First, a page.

People sometimes say to me is the ish enough? No, it’s not, but if we can get millions of people started then a proportion of them will go on to do bigger things. If we can start people off with baby steps, they will grow in confidence with the power they have, they’ll grow into their voices as well. It’s so important to me that we get people started.
Is there a common barrier you find people have in getting started?
Overwhelm. The climate crisis feels so big. We bury our heads in the sand and think ‘well if it’s that important the Government will sort it out, or the big companies will get together’. We feel too small and too powerless, so we wait for someone else to do it. Actually, we can all be that someone.
Changing your energy supplier can take ten minutes, and it can slash your carbon footprint. Once you’ve done that how about you try meat free Monday?
Helping people to realise yes, they’re just one person but they’re not just one person. Overwhelm is a big one. As is the perception it will take more time and cost more money.
What advice would you give to people looking to start making changes to their lifestyle to live more sustainably?
Don’t let ideas of perfection get in the way. Start small. Rather than starting by looking at the plastic in your food shop, have a look at the plastic in your bathroom for example. The coffee cup and water bottle swaps. Find your tribe, the people that can support you.
Who inspires you?
The expected Greta and David Attenborough. But really for me I get so inspired by seeing those I help have their lightbulb moments. That’s what keeps me going.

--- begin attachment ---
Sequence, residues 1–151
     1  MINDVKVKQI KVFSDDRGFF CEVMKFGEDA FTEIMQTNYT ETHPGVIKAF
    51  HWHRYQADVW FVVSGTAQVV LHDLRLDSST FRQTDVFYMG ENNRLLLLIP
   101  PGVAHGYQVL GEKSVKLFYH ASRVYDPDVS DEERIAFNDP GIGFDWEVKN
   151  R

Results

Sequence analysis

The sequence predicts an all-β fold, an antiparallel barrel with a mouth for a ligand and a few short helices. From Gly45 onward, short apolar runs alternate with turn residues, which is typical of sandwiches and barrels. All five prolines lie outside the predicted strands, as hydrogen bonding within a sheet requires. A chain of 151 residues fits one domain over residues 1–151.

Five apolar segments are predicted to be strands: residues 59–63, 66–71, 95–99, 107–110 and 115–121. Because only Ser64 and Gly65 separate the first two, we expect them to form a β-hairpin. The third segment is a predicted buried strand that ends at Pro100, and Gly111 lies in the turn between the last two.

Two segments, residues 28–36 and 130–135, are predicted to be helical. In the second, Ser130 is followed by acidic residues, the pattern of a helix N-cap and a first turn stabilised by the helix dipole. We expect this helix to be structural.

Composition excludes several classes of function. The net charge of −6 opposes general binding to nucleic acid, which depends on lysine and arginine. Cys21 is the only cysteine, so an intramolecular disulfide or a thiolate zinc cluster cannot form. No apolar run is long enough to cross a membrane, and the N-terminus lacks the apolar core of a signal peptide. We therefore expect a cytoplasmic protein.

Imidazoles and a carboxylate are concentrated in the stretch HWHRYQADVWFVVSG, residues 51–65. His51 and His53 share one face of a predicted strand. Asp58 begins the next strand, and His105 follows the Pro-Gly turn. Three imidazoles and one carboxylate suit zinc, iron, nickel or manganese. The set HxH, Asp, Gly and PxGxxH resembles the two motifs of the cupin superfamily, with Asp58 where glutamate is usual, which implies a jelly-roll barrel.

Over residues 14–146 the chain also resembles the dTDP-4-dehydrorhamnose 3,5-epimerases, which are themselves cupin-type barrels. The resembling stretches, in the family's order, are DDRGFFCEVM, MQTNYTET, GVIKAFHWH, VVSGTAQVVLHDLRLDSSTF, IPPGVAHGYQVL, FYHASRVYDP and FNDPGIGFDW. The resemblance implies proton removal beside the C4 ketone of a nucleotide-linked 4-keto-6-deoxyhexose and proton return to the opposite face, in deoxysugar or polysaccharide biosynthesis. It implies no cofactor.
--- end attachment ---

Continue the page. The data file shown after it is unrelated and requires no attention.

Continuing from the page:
What do you enjoy about your work?
The connection in the community and feeling like I am making a difference and helping people. I enjoy social media too actually. I enjoy showing up.
Who do you follow on social media for eco inspiration?
I love Lauren at Wear Em Out Pads, she’s brilliant and so engaging. Denis the Dustcart on Facebook is brilliant! It’s a council recycling page but it’s so engaging and informative. He’ll talk about the environmental impact of clothes for example, and dive into bamboo vs cotton!
Aside from yours are there any books and/or podcasts that you’d recommend?
How bad are bananas – the carbon footprint of everything by Mike Berners-Lee is great for dipping in and out of. Martin Dorey’s, No More Plastic – you can read quickly and it’s non preachy. Finally for book recommendations – How to save the world for free by Natalie Fee. The podcasts I regularly listen to are Sustainababble and Outrage and Optimism.
One of the projects I’m planning is a crowd funder in October for a knackered mums eco club to try and get 1000 people in a little movement. Donor’s will get a year’s membership, and a safe space to access resources and support.
Where you can find Jen GaleWebsite – A Sustainable Life
Connect – Facebook, Instagram, Twitter,
Buy Jen’s book – The Sustainable(ish) Living Guide
Listen to Jen – The Sustainable(ish) podcast
Watch the festival talks – The Sustainable(ish) Online Festival